28. Mc Vary KI, Carrier S, Wessells H. Smoking and erectile dysfunction, evidence based analysis. J Urol 2001; 166: 1624–1632. | Article | PubMed | ISI | ChemPort |
  29. Seidman S, Roose SP. The relationship between depression and erectile dysfunction. Curr Psychiatry Rep 2002; 2: 201–205.
  30. Rosen RC, Lane RM, Menza M. Effects of SSRIs on sexual function: a critical review. J Clin Psychopharmacol 1999; 19: 67–85. | Article | PubMed | ISI | ChemPort |
Top

Appendices

Appendix

Questions on erectile (dys)function*

  1. Have you ever noticed that your penis did not get rigid, while you wanted it to be (during sexual activity, for instance if you wanted to have intercourse)? Yes/No/I do not remember
  2. If yes is it still present at the moment? Yes/No
  3. How long ago did it start? 1–3 weeks/1–3 months/4–6 months/7–12 months/1–5 y/more than 5 y
  4. How long did it last? 1–3 weeks/1–3 months/4–6 months/7–12 months/1–5 y/more than 5 y
  5. How often did it happen or does it happen? (almost) every time, most of the times, as many times yes as no/seldom/(almost) never
  6. How much do you get bothered by it? Very much/much/moderate/little, not at all
  7. Were you less in the mood for sex in the last half year? Yes/No
  8. Are there any circumstances in which the penis does not get rigid? Yes/No
  9. Did you masturbate the last half year? Yes/No
  10. If yes, is the penis getting rigid enough (more than 50%) during masturbation? Yes/No
  11. If not, how often does the penis get insufficient rigid? (Almost) always/most of the times/as often yes as no/seldom/(almost) never
  12. Did the penis ever get not sufficient rigid during sexual activity? This means; there was sufficient stimulation and some form of rigidity, but not sufficient for a fulfilling sexual activity (for instance for sexual intercourse)? Yes/No/I do not remember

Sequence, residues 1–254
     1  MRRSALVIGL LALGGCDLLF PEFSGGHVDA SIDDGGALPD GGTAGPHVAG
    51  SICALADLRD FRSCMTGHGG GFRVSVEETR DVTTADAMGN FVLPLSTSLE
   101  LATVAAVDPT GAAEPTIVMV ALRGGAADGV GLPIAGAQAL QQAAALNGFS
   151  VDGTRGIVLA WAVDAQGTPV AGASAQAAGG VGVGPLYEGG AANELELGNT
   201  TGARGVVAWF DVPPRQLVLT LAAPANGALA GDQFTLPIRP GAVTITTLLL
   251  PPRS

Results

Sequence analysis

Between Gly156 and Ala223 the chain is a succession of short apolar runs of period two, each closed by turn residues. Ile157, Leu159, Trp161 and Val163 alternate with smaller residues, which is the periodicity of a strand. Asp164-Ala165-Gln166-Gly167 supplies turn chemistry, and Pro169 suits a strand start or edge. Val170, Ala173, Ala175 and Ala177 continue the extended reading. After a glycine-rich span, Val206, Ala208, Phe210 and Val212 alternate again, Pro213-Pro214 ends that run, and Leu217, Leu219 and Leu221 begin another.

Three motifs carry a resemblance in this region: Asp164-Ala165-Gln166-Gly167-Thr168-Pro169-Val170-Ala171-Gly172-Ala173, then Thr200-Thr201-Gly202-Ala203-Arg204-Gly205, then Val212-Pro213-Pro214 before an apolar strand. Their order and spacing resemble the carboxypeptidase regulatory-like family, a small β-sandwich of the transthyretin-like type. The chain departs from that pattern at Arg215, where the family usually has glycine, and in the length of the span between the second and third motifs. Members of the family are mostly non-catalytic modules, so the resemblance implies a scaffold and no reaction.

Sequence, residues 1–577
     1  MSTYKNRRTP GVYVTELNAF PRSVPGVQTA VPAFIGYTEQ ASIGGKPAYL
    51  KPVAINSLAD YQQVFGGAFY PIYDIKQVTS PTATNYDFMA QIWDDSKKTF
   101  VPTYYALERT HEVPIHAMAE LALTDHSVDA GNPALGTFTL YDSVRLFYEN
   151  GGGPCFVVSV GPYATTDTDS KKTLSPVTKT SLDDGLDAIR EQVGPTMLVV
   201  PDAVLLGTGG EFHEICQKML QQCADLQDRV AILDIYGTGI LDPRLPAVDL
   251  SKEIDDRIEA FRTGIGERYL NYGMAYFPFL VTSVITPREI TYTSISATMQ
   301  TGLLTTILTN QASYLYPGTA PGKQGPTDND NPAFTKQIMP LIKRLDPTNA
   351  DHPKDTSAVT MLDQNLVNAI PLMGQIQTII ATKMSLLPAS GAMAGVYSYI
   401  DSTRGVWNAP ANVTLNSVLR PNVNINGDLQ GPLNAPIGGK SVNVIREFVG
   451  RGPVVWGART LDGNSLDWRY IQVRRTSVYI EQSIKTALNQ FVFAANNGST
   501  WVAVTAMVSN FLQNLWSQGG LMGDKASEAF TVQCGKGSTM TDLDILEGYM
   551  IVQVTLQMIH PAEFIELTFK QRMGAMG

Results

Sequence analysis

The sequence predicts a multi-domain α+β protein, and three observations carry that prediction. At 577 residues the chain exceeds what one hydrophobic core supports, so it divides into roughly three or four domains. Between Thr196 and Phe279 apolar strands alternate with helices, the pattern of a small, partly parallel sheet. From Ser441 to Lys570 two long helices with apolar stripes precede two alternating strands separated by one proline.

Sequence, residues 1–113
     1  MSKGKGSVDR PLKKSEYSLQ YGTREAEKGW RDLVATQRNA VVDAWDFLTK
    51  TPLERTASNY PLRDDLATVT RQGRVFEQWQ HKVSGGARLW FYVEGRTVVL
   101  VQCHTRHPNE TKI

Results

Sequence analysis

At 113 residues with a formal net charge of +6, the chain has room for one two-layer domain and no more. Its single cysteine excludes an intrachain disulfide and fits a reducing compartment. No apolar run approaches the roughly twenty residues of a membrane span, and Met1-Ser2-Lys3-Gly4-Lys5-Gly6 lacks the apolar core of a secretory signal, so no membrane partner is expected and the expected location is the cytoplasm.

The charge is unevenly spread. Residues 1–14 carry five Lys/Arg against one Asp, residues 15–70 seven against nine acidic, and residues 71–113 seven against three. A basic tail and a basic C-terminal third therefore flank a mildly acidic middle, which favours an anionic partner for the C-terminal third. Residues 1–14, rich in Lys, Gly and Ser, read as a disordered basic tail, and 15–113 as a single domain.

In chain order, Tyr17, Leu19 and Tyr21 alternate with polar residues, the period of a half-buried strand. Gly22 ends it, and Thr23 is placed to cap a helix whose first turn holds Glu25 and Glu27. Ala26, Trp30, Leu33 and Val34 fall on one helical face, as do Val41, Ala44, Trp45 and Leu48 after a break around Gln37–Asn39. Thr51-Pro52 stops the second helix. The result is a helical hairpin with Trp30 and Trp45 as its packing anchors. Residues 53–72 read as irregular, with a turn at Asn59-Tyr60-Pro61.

13. Did the complaint start suddenly or more slowly? During weeks/during months
  14. If yes is it still present at the moment? Yes/No
  15. How long ago did it start? 1–3 weeks/1–3 months/4–6 months/7–12 months/1–5 y/more than 5 y
  16. How long did it last? 1–3 weeks/1–3 months/4–6 months/7–12 months/1–5 y/more than 5 y
  17. How often did it happen or does it happen? (almost) every time/most of the times/as many times yes as no/seldom/(almost) never
  18. How much do you get bothered by it? Very much/much/moderate/little/not at all
  19. Did the penis remain shorter rigid than you wanted? Yes/no/I do not remember
  20. How difficult was it to maintain your erection until the end of the sexual activity (for instance during sexual intercourse)? Did not try/very difficult/difficult/a little difficult/not very difficult/not at all difficult
  21. Is it still present at the moment? Yes/No
  22. How long ago did it start? 1–3 weeks/1–3 months/4–6 months/7–12 months/1–5 y/more than 5 y
  23. How long did it last? 1–3 weeks/1–3 months/4–6 months/7–12 months/1–5 y/more than 5 y
  24. How often did it happen or does it happen? (almost) every time, most of the times, as many times yes as no/seldom/(almost) never
  25. How much do you get bothered by it? Very much/much/moderate/little, not at all
  26. Do you notice any spontaneous erections, in the night or while waking up? Always/most of the times/sometimes/seldom/never
  27. How often during the last half year did you notice that? Never/once a month or less/more than once a month
  28. How rigid was the penis at most during last half year in the night or during waking up? 50% or less/more than 50%
  29. How strong is your confidence to obtain or maintain an election during sexual activity? Very strong/strong/more or less/weak/very weak or absent

*Originally in Dutch, translated into English.

ED (according to the definition of WHO)=(Q1: yes and Q2: yes and Q5: excluding seldom and (almost) never) or (Q12: yes and Q14: yes and Q11: excluding seldom and (almost never)) or (Q19: yes and Q21: yes and Q24: except for little and not at all) and (Q20: very difficult–little difficult).

Top

MORE ARTICLES LIKE THIS

These links to content published by NPG are automatically generated

REVIEWS

Drug Insight: oral phosphodiesterase type 5 inhibitors for erectile dysfunction

Nature Clinical Practice Urology Review (01 May 2005)

Extra navigation

.

natureevents

ADVERTISEMENT